Last year the Jerusalem Municipality issued over 1,000 demolition warrants for illegal buildings – yet in all of eastern Jerusalem, with its thousands of unlawful structures, only eight warrants were enforced. Possibly most notable among the illegal buildings is the new mosque-extension on the Mount of Olives, adjacent to Jewish gravesites and the Jewish neighborhood of Maaleh HaZeitim.
Although a similar committee was established by the Justice Ministry six years ago with few positive results, it is hoped that this time a real change will be effected. The Legal Forum announced, “We are satisfied that the Attorney General has realized that the current situation requires the establishment of a special team…as a result of the lack of enforcement in the Arab neighborhoods in northern and eastern Jerusalem.” In another positive development, the Prime Minister’s Office announced, as expected, that funding has been found to continue to run the well-known historic Ammunition Hill site in Ramat Eshkol. Approximately one million shekels ($265,000) will be allocated for the purpose, and in addition, a renovation and upgrade of the site is planned in the framework of the national heritage plan.
The site memorializes the heroism of IDF soldiers during the Six-Day War, particularly in one of the war’s critical battles that helped secure Jerusalem for the Jewish people. A very large Jordanian position, chock-full of enemy troops, ammunition, fortified bunkers and winding trenches, had stood on the hill in question, blocking the IDF’s way to the Old City, Mount Scopus, and the Jerusalem-Ramallah road. Some of the officers were felled early on, and the battle was won thanks to the bravery of inexperienced soldiers.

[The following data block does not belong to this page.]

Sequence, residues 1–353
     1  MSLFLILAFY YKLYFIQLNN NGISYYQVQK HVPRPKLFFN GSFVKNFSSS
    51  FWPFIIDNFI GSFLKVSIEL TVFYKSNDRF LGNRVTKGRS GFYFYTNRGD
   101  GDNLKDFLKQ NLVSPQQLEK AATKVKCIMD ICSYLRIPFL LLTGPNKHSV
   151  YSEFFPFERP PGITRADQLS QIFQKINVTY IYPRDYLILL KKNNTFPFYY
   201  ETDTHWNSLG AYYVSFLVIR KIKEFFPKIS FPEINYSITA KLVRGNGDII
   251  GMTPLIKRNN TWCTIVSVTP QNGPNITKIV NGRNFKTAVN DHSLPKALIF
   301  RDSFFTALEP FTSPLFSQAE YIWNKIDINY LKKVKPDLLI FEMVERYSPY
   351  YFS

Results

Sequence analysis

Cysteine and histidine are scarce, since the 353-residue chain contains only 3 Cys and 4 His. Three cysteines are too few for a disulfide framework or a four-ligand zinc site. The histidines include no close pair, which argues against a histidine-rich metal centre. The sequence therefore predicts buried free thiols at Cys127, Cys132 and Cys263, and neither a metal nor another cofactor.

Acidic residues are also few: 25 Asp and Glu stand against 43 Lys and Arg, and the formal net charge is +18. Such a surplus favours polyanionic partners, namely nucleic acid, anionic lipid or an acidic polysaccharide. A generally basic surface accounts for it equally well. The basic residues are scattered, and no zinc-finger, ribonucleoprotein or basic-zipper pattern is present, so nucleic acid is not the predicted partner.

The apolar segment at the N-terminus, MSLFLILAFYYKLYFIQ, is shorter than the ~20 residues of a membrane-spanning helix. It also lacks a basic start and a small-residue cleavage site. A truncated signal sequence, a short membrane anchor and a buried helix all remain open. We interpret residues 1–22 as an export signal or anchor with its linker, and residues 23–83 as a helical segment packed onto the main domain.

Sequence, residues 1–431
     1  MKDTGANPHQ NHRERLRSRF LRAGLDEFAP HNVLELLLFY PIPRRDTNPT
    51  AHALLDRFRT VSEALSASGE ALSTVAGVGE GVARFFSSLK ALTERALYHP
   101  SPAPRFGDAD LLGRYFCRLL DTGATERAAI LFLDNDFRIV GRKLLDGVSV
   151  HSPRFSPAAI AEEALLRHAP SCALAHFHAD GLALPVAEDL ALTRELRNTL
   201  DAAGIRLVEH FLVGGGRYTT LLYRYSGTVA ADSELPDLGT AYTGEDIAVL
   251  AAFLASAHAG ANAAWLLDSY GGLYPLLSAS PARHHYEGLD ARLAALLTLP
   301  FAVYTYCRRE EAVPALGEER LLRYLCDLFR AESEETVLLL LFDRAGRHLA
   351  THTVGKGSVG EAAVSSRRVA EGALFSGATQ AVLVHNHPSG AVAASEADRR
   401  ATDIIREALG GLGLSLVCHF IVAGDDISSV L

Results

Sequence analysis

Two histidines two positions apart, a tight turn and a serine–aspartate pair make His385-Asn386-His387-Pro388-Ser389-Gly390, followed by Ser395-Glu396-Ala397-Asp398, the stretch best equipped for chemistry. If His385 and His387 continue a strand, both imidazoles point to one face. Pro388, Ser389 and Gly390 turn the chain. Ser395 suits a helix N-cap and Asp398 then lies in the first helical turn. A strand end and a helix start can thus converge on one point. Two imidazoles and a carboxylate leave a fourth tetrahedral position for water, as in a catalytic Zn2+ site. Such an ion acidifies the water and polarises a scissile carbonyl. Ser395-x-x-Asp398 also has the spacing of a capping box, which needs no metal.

“Ammunition Hill will not be closed,” said Prime Minister Netanyahu in announcing the latest decision. “It will remain open so that all Israelis will be able to stand on the ground on which the story of heroism of the Six-Day War took place.”
Many KeepJerusalem tours of Jerusalem begin with a visit to Ammunition Hill, where the particularly impressive 3D multimedia presentation puts the cease-fire lines in military, geographic and historic perspective.
To take part in our bus tours of Israel’s capital, and to find out more about the struggle to keep Jerusalem Jewish, please e-visit us at www.keepjerusalem.org.
Chaim Silberstein is president of Keep Jerusalem-Im Eshkachech and the Jerusalem Capital Development Fund. He was formerly a senior adviser to Israel’s minister of tourism. Hillel Fendel, past senior editor at Israel National News/Arutz-7, is a veteran writer on Jerusalem affairs. Both have lived in Jerusalem and now live in Beit El.
About the Author: Chaim Silberstein is president of Keep Jerusalem-Im Eshkachech and the Jerusalem Capital Development Fund. He was formerly a senior adviser to Israel's minister of tourism. Hillel Fendel, past senior editor at Israel National News/Arutz-7, is a veteran writer on Jerusalem affairs. Both have lived in Jerusalem and now live in Beit El.